So then, how and why did the charcoal filtration (sometimes accomplished with other woods than maple, particularly hickory and oak) come to be a “thing”?  I imagine it has old world roots, potentially in fact African roots,, that someone could and should trace back but my guess is its commerce use has origins in the constant fluctuation between the popularity of heavy bodied congener rich distillates and lighter bodied more neutral sprits and was a reflection of one of the many waning popularity moments of congener rich spirits somewhere between 1830 and 1860.  It is in this time period that many rectifiers went into business.  The generations of early settlers were used to and developed a taste for congener rich spirits off of the simple pot still method, sometimes even just single pass whiskey with no real heads cuts. However their children grew up with more refined tastes as commercial distillates from larger manufacturers became more common.  The popularity of these lighter distilled spirits (and one would presume amongst benefits was less a chance of a hangover!) left local small-scale distillers in a lynch, particularly grocers who often produced or bought their spirits as new make to age in their cellars locally.  The rectifiers were essentially doing the same as the small-scale grocers but on a much larger scale.  They may have a still but didn’t make much of their own spirit, instead they bought locally made spirit, both good and bad, and tried to clean it up and dress it up as much as possible via the addition of chemicals, the subtraction of compounds via charcoal filtration, or in the case or really bad spirits complete re-distillation.  The column still made this much more plausible in later years and in Canada the standard became the production of a high proof 170-180 proof whiskey approaching neutrality and to which a heavy bodied congener rich “flavoring” whiskey was added at 10-15% to create a lighter, fruitier, blended style of whiskey.  The same is true of Ireland, though the Irish seemed to have always preferred a lighter whiskey as even Potcheen makers used a triple distillation method quite commonly.  The rectifiers were pretty crude business men as well and so their purchase price of spirits from farmer distillers would have reflected as such, I imagine their prices were not flattering in the least. So, by what method could poor backwoods farmer-distillers improve their products palatability to that day’s consumer and create a lighter spirit while also competing with the backhanded rectifiers who sometimes even sold poisonous spirits?  Well, cut a little wood, char it, run your congener rich spirit through it, bottle it, and point out the difference!  Score one for the good guys and enter the concept of fair market and common use technology.  Tennessee as it were just held on to the tradition and the marketing long after it fell out of favor elsewhere and thanks to the likes of Jack Daniels and his nephew Lem Motlaw as well as George Dickel they managed to maintain and market a category which could hold its own and more against old Monongahela and later Bourbon.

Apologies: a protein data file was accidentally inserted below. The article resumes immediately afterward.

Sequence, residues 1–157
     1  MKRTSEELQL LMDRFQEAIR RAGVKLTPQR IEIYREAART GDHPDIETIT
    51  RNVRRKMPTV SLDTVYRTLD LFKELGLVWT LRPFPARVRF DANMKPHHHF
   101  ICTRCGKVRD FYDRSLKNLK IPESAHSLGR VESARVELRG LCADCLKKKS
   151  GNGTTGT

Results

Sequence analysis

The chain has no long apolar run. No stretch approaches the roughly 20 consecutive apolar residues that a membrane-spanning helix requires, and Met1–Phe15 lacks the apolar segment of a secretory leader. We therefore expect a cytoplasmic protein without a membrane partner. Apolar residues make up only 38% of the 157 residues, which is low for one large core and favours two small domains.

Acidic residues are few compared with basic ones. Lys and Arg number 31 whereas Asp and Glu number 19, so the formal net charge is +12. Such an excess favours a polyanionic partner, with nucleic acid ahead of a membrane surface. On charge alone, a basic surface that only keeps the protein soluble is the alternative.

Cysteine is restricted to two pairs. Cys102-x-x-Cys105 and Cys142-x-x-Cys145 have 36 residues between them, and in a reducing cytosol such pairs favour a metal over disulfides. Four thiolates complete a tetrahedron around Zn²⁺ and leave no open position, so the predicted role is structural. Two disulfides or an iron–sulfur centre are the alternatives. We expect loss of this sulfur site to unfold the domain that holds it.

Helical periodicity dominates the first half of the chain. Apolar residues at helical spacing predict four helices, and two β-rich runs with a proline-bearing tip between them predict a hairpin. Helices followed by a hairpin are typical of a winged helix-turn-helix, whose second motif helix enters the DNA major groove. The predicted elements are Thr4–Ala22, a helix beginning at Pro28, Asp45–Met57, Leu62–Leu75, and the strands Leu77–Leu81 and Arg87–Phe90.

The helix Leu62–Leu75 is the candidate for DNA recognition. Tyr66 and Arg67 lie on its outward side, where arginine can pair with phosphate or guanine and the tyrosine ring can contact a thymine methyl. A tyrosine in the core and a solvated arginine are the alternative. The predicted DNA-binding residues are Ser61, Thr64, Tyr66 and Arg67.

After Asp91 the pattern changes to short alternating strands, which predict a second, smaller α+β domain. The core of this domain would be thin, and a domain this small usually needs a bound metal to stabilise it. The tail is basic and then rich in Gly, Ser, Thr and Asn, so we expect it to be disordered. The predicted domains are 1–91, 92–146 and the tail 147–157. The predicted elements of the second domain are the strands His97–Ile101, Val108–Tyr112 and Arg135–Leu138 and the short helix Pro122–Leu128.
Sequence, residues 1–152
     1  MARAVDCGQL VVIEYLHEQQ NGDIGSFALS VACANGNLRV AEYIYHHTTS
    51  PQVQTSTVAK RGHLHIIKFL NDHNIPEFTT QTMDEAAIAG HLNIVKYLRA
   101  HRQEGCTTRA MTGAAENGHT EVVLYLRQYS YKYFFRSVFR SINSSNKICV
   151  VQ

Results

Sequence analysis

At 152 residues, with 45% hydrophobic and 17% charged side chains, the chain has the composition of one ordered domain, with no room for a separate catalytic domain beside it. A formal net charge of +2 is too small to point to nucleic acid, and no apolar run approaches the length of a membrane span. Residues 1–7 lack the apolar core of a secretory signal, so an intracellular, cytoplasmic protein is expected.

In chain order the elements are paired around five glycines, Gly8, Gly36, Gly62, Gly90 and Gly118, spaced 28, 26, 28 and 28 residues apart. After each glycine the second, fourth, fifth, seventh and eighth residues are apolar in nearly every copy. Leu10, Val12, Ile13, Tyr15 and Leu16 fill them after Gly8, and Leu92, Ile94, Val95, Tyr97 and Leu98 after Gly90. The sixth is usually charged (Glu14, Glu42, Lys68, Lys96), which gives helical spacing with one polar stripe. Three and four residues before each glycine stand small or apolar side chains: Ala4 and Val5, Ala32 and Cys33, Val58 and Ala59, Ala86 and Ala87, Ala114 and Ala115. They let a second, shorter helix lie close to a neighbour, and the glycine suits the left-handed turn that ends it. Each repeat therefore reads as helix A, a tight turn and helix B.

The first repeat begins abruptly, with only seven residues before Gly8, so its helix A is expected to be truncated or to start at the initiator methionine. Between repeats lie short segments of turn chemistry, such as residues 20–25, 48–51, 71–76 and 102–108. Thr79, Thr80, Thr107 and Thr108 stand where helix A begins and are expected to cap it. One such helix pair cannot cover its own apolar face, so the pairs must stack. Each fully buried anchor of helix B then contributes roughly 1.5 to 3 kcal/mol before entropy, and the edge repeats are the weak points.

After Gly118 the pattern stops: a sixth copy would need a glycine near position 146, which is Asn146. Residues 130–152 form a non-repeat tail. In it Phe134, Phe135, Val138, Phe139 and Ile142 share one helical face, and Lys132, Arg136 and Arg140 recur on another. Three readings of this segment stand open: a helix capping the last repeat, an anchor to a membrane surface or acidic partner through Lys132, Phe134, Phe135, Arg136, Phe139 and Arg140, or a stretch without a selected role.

Now, did Hoosier distillers practice charcoal filtration?  I have never seen any evidence for it to my knowledge, however, given the number of settlers who moved from Eastern KY north to the Hoosier state and their Scotch Irish backgrounds as well as the number of mills grinding corn in the area I have no doubt that it was practiced to some extent, particularly with corn heavy distillates as they produce so much fusel oil and corn oil.  Given how common distilling manuals were becoming by the time of Indiana’s statehood I would imagine that the early distillers in the Hoosier state saw it as a common and acceptable method of producing a high-grade style of whiskey with a lighter, perhaps even more brandy like quality than a standard white dog filtered only through flanne